A Good Day with Black-eyed Peas September Gardening

Friends Drift Inn Farm – Gardening

Heirloom Black Eyed Peas my garden harvest in Sept 2012

Click to Read Banshees, Haints and Cowpeas


Heirloom Gardening with a Southern Favorite – Field Peas

Charlie often rolls his eyes during spring planting season. You know the look husbands give their wives when they think their partners have lost their minds; but instinctively realize that to object might result in tears or bodily injury – depending on how bad the hot flashes are at that moment in time. Giggles

So it was the day I planted twp packets of cowpeas, Vigna unguiculata, known as Black Eyed Peas to most folks. Two packets resulted in about a 30 foot row. That doesn’t sound like much; you know – just enough for me to see what they are all about so I could write about them.

Yeah right!

Cowpeas aka Black Eyed Peas, you gotta plant you some next year!

It is said that cowpeas were once a staple in some Appalachian regions. A variety called “Myrtle’s Cowpeas” is in several collections that are reported to originate a few counties over from my location. They are not something Charlie remembers his grandparents growing, and it is not something my family grew either. But that never stops me from my quest for all things Appalachia.

Somehow in all the garden chaos this year, I did not write down the variety of cowpeas I grew. All I know is they were supposed to a compact bush. Let me tell you, they ran a good deal. I just let them go; spilling over into the next row. (Update: The variety was California Black Eyed Peas)

I hoed around them early in the season, but as my attentions turned elsewhere they ran amuck outgrowing the weeds and adding a little nitrogen to my soil.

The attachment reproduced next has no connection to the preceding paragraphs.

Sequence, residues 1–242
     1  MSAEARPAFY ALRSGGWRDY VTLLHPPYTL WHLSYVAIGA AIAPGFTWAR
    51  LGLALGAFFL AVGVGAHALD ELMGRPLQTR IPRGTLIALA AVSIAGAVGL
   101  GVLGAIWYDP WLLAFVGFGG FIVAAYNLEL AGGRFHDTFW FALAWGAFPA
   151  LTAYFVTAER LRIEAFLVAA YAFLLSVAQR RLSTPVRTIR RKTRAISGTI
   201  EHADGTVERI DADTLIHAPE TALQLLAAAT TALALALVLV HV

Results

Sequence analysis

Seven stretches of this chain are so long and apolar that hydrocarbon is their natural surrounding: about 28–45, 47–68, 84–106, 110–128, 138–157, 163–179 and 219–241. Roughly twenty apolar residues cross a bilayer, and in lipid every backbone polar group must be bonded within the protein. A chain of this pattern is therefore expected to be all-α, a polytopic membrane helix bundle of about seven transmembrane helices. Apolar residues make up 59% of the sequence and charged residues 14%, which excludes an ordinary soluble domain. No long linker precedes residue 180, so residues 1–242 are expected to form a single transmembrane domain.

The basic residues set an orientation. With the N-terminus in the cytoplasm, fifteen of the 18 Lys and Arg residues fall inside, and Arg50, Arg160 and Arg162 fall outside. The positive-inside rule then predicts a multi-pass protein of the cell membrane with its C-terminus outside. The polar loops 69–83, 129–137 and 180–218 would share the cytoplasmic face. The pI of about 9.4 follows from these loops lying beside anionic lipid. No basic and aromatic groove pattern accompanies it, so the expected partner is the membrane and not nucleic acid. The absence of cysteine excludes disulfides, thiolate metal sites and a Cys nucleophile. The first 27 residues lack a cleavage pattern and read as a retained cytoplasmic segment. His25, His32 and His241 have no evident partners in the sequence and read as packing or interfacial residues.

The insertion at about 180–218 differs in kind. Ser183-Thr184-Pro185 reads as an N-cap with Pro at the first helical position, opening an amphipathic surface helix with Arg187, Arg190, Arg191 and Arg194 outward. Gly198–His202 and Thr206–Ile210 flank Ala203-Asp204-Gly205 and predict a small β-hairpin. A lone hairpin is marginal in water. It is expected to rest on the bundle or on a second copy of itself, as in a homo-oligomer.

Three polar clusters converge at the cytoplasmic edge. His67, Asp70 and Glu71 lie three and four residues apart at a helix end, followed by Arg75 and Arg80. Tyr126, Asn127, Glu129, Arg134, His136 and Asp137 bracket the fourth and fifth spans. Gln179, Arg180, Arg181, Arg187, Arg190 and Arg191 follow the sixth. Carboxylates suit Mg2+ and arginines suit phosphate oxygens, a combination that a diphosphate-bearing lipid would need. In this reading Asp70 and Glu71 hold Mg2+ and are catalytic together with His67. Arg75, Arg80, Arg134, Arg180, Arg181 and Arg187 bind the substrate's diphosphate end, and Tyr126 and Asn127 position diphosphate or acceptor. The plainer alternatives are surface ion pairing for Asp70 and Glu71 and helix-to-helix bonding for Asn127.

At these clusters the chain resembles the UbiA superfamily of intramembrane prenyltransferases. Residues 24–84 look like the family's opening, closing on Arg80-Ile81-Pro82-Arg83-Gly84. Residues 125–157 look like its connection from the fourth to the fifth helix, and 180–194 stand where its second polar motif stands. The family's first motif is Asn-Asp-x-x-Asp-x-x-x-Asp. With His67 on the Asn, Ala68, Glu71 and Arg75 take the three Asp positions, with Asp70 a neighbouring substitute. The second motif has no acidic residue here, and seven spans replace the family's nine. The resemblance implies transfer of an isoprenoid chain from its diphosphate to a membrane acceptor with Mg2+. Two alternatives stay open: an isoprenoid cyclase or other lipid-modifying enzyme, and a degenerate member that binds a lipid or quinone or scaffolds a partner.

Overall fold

Jake picking black eyed peas, aka cowpeas, during KET Kentucky Life shoot

When Kentucky Life came to film in August, the black-eyed peas were in their glory. Yellow podded legumes with just a hint of purple that turn up towards the sky….rather than dangle downward like most beans. Because the pods are high on the bush, they are very easy to pick; no crawling required. Jake laughed as we broke open a few pods to reveal the white bean with black “eyes.”

After the film shoot, I had important stuff to tend to. You know like canning tomatoes, cucumbers, and peppers. Again, I neglected the lowly cowpeas.

As the tomato crop dwindled, I returned to my cowpea row. The pods had dried in the field, a good thing. On a foggy mountain morning, I went down to pick. I expected to bring home a gallon bucket or so of the Southern favorites.

I picked. I picked. And then I picked some more. Good thing Charlie was not around, I am sure he would have rolled his eyes.

Cowpeas aka Black Eyed Peas in the shells heirloom gardening 2012

The five gallon bucket was pressed down, heaped up, and overflowing when I reached the end of the row – which by now was only 25 feet having lost five foot to a very fat and sassy groundhog.

It took me several hours of shelling, but at the end of the day I had about three pounds of dried black-eyed peas ready for storage and probably another gallon of beans still in the pods, not yet dried enough for shelling.

Wow! I laughed and laughed when Charlie came home seeing the fruits of my labors. “So what are you going to do with all those black-eyed peas?” he asked wryly and his eyes rolling.

Y’all I don’t have a notion. I just wanted to see if they would grow well here. (They do! Giggles)

What is your favorite black-eyed peas recipe?

Do you have a favorite strain of cowpeas? I am looking for suggestions for next year’s garden.

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About Joyce Pinson

Joyce Friend Pinson is a regional farm-to-table columnist for the Appalachian-News Express. She is a local television host. Her column show and blog, Friends Drift Inn, explores food, gardening, and real life farm-to-table stories from the perspective of a baby boomer in Appalachia. Joyce has a background in agriculture, media, and small business. Joyce is an heirloom gardening addict and home canner. She has a penchant for big hats, pointy toed shoes, and bourbon. Along with her husband Charlie, Joyce really does live in a barn where they ballroom dance. And laugh. And cook. And giggle.